So why does that make Cruz the likely nominee?
In a Dec. 14 Quinnipiac poll of the Iowa caucuses, Cruz was just one point behind Trump. Cruz's positions on abortion, religious liberty, Obamacare, gay marriage and other issues make him a natural fit with evangelical voters. And these voters are valuable not only because of their large presence in Iowa, but because they're accustomed to operating with political discipline. This is a group whose members vote. That means Iowa really and truly could go to Cruz.
After a tougher state for Cruz in New Hampshire, it's on to South Carolina where evangelicals, tea party types, and big business interests reign. Cruz's ideas about climate change and related regulation, federal spending and social issues appeal there.
By this point in the primary season, voters in the next state, Nevada, will likely begin to factor into their votes who looks like a winner. If Cruz arrives in the state with one or two victories, this could matter. Rubio could pose a challenge; he lived in Nevada in his youth, and the state is home to some Latino Republicans who may find his campaign and immigration stance appealing.
Then, there's Cruz's long-game. He has praised Trump while displaying subtle differences of opinion connected to his experience as a lawmaker, a former Texas solicitor general and a Harvard Law grad. Even in this we-adore-outsiders election cycle, national security and economic concerns loom large. So those descriptors do not render Cruz unqualified. While he's not a policy twin with Trump, they are friendly -- very friendly -- siblings. Should Trump's campaign fail, Cruz is best positioned to inherit motivated Trump voters in many states.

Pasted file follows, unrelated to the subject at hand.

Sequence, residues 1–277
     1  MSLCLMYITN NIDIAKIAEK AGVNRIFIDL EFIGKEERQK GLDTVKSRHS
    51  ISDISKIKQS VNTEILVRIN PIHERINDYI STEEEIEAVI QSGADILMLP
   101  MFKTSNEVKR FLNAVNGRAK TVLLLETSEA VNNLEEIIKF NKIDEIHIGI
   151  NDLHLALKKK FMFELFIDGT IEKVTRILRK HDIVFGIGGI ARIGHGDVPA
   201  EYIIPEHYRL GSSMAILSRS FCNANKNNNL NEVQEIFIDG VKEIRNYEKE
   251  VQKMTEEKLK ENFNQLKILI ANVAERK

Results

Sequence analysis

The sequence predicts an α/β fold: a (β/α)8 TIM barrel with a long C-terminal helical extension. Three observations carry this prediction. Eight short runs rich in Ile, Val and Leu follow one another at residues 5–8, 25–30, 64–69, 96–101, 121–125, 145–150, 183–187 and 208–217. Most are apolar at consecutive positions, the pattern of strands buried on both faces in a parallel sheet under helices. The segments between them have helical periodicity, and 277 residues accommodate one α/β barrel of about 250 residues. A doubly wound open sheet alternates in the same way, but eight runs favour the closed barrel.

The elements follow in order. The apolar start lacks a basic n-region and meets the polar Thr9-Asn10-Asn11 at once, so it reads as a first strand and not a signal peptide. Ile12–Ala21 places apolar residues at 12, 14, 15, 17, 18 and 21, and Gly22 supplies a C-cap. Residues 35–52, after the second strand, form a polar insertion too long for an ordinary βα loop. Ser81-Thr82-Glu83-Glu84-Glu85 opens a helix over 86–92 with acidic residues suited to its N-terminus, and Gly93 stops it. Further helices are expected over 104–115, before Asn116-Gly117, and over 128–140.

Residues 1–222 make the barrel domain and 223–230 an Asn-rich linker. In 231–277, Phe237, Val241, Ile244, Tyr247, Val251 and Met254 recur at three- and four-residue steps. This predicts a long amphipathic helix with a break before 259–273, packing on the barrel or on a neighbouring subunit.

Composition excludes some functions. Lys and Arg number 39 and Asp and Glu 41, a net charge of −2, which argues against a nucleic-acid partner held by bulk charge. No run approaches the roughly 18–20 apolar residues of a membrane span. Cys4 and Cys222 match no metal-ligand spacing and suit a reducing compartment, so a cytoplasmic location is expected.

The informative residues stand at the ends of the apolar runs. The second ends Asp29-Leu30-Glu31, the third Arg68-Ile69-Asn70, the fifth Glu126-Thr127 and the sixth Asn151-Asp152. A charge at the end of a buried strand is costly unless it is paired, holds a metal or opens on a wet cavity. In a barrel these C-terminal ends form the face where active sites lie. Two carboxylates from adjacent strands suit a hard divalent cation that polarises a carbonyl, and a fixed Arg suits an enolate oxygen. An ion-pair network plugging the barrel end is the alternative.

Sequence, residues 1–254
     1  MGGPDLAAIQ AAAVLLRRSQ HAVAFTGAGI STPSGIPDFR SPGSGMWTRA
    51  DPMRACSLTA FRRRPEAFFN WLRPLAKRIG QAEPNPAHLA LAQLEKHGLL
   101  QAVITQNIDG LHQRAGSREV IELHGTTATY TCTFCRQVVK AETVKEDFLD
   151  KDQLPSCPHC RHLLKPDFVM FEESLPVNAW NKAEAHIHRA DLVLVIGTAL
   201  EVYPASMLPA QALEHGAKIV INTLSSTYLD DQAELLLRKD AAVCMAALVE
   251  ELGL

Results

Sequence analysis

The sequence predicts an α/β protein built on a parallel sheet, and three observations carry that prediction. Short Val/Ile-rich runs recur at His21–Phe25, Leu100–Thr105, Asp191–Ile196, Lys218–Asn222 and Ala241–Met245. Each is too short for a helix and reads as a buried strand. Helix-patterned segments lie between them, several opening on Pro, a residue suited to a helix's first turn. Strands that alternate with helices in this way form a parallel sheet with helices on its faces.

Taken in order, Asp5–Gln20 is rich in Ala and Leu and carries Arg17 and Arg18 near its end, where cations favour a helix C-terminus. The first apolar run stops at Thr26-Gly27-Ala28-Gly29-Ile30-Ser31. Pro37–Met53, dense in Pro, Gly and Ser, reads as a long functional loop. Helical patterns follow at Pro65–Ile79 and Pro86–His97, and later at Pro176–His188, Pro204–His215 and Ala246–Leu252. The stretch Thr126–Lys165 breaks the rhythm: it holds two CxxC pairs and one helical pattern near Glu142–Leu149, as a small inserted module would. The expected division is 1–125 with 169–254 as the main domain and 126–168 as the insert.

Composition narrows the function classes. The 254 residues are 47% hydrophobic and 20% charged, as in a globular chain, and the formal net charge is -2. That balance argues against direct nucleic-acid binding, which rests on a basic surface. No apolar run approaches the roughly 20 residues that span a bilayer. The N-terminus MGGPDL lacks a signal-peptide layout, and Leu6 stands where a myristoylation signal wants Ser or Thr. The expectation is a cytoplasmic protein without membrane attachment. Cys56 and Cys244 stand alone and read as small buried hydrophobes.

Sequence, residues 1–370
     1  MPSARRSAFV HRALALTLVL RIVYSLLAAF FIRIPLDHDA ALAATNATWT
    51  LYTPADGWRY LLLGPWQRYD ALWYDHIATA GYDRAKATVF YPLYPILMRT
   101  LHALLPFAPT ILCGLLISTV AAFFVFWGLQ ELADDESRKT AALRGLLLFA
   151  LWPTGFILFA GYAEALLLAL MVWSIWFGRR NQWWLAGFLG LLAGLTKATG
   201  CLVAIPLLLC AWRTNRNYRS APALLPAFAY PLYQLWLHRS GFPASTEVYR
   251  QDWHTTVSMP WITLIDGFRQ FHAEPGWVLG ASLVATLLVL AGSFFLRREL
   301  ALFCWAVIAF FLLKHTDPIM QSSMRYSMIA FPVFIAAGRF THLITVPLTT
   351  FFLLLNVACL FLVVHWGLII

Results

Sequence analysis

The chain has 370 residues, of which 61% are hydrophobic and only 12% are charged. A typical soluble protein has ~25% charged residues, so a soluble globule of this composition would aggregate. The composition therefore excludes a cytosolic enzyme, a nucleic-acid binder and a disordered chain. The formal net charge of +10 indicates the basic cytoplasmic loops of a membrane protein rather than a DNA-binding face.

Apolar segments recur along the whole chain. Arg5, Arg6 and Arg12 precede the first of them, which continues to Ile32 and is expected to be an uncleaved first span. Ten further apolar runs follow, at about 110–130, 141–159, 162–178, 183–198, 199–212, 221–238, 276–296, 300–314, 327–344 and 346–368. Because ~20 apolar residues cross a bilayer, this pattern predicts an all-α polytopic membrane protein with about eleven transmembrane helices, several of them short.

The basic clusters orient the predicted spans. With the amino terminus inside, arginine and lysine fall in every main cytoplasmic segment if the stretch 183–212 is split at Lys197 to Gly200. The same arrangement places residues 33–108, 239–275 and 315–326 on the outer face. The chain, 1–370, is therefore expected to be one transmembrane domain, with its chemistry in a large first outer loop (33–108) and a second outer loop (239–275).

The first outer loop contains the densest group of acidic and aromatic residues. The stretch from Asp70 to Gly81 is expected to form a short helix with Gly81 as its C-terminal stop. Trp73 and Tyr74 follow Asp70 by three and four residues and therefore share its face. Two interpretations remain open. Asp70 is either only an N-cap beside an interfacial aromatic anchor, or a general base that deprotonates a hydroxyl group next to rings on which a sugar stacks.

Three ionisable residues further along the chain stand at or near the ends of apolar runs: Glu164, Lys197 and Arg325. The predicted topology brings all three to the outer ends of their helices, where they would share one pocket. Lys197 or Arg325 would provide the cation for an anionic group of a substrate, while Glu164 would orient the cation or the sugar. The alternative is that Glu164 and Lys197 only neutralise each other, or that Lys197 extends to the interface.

Indeed, Trump's presence in the race has very much opened the door to Cruz.
Conservatives in Congress will turn on Paul Ryan -- just as they did on Boehner
As he reflects on an unexpected and tumultuous year, House Speaker Paul D. Ryan (R-Wis.) is probably feeling pretty good about his first two months in his new job.